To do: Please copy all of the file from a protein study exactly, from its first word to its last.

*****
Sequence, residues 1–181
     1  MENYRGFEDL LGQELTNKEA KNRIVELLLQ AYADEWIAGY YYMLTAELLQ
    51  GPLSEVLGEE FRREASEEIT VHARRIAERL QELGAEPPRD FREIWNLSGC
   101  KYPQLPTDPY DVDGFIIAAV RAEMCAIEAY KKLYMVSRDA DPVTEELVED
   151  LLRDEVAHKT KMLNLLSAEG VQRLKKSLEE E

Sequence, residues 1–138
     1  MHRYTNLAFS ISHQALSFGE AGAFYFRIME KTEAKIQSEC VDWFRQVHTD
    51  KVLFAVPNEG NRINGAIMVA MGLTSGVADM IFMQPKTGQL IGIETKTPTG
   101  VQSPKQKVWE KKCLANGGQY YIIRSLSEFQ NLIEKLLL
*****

Sequence, residues 1–181
     1  MENYRGFEDL LGQELTNKEA KNRIVELLLQ AYADEWIAGY YYMLTAELLQ
    51  GPLSEVLGEE FRREASEEIT VHARRIAERL QELGAEPPRD FREIWNLSGC
   101  KYPQLPTDPY DVDGFIIAAV RAEMCAIEAY KKLYMVSRDA DPVTEELVED
   151  LLRDEVAHKT KMLNLLSAEG VQRLKKSLEE E

Sequence, residues 1–138
     1  MHRYTNLAFS ISHQALSFGE AGAFYFRIME KTEAKIQSEC VDWFRQVHTD
    51  KVLFAVPNEG NRINGAIMVA MGLTSGVADM IFMQPKTGQL IGIETKTPTG
   101  VQSPKQKVWE KKCLANGGQY YIIRSLSEFQ NLIEKLLL